The association, particularly in assisted conception, of disease and genesis of tumors with perturbed imprinting means that monitoring for normal imprinted gene expression in human embryos is critical. Monk and Salpekar showed mono-allelic expression to be tissue-specific and time of onset to vary between different imprinted genes. Three of six genes analyzed were clearly expressed in human preimplantation embryos, and the expression of one, SNRPN, was mono-allelic from the paternal allele. This gene was also mono-allelically expressed in mouse preimplantation embryos, being “correlated with differential methylation of Xist promoter sites in egg and sperm, and specific binding of a protein only to the methylated maternal (egg) allele.” But in human preimplantation embryos, “unlike the mouse, XIST is expressed from both parental alleles.”
Monk and Salpekar’s studies highlight not only a significant step in the evolution of an epigenetic mechanism, but also the criticality of checks that animal research findings are entirely appropriate to techniques in human medicine (31).
Darwin’s final statement in Origin of the Species (14) is: “There is grandeur in this view of life?that?from so simple a beginning endless forms most beautiful and most wonderful have been, and are being evolved.” This ties in with Chapter VI’s concluding climactic paragraph “?that all organic beings have been formed on two great laws – Unity of Type, and the Conditions of Existence, [which is] the higher law?”. The term “Conditions of Existence” Darwin here introduces weightily as that of “the illustrious Cuvier”. Although using it three times in this paragraph out of only four in the main text, he does not distinguish it from his own term “conditions of life” which, in his main text, he synonymously uses no less than 118 times.
Darwin did try to explain how conditions could affect change in organisms and their heritability, offering the hypothesis of “pangenesis” (109), but it failed to hold back the general acceptance that changes were random and subject to the slow work of natural selection. Today’s awareness of mechanisms of epigenetics and genomic imprinting vindicate Darwin’s search, explaining even the power of changing conditions on organisms that we are forcibly witnessing in our lifetime. Just as very few generations of changed conditions were needed for changes in Belyaev’s silver foxes, very few generations have been needed to bring human heart disease from a rarity to top killer over the last century. Now brain disorders are overtaking the cost of all other burdens of ill health at least in Europe and spreading globally (51,52). The need is urgent to address the “Conditions of Existence” law of Cuvier and Darwin, by which most serious epigenetic impacts on Homo sapiens are threatening subsequent generations.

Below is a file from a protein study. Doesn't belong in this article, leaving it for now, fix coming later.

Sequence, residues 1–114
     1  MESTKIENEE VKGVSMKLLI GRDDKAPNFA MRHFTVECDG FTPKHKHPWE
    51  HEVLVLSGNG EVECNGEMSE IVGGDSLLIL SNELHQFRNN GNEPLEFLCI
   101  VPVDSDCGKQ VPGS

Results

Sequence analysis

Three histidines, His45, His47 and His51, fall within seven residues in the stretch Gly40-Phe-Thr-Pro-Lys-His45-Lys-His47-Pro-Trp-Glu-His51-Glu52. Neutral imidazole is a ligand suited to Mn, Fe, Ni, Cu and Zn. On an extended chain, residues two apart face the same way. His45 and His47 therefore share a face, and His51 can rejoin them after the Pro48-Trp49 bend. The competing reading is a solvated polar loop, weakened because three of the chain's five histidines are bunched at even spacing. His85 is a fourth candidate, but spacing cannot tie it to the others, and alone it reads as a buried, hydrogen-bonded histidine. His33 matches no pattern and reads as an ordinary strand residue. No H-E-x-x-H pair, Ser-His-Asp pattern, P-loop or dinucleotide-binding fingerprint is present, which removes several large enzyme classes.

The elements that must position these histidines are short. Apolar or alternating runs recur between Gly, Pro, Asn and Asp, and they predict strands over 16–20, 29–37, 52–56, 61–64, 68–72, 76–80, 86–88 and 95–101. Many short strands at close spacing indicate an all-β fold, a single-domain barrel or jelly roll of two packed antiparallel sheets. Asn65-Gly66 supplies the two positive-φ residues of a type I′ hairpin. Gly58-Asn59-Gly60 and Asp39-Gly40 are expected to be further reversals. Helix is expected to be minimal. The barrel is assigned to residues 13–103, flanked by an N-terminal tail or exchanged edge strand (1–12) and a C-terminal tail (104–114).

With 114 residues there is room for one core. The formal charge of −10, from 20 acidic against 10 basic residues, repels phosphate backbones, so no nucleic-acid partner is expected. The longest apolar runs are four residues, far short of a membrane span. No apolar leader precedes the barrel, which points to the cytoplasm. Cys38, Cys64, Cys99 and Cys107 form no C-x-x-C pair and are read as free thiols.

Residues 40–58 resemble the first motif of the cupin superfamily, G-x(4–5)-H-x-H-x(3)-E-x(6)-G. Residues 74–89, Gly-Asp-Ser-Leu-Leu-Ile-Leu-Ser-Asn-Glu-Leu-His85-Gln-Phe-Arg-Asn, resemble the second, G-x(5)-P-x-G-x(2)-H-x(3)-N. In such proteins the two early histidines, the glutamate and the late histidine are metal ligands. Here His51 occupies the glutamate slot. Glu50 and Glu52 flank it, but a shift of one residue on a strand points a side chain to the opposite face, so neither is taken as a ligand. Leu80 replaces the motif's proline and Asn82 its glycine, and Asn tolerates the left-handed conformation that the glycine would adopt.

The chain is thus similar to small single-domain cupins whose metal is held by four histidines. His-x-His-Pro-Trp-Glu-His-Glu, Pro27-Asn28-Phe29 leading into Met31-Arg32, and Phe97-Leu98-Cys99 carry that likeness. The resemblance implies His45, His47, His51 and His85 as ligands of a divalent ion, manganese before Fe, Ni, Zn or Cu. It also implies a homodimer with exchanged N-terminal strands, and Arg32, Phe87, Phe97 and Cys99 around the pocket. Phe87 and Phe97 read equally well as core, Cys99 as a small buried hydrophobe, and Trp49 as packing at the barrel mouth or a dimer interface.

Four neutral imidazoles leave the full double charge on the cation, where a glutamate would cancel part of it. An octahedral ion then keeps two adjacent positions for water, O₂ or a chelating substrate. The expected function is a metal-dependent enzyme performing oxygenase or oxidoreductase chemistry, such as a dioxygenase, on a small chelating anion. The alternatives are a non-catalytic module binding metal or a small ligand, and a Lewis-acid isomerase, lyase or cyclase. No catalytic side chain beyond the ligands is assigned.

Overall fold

Epigenetics could be our most powerful technological insight against the current crises, microscopically highlighting the dependence of human health on the biosphere. The cradle of biosystems has been the estuarial and inshore beds of photosynthetic systems, basic to the marine food chain, whose demise threatens both collapse of fisheries and aggravated climate change. Of the Philippines coral reefs, only 5% remains healthy. The fight is on to restore their thousands of island shores (110).
How can we reverse the drastic trend in brain and other disorders? Draconian steps have necessarily begun, to cut the industrial pollution destroying our biosystem, and to build systems of marine agriculture, include filtering of pollution with seaweed and shellfish, as in Sungo Bay, China since 1991. Such measures are essential if only to meet the human brain’s prime need for the marine source of omega-3 oil docosahexaenoic acid and other essential nutrients, that is greatest in gestation and brain development (51,52). Healing fertile marine regions is basic to restoring human brain health in today’s mental health pandemic.
“The concept of fetal programming is an area that is now under rigorous investigation in many laboratories throughout the world. We need to engender a fascination in all segments of society, not just pregnant women, about life in the womb. Conclusion: Everyone needs to understand that improving the condition of the fetus will have personal, social and economic benefits. The time has come to realize that, in a sense, it is not just women who are pregnant but it is the family and the whole of society” (111).
Our growing awareness of mechanisms of epigenetics and genomic imprinting should raise our sensitivity to the importance of keeping today’s increasingly artificial conditions of existence as beneficial as possible to evolution and health.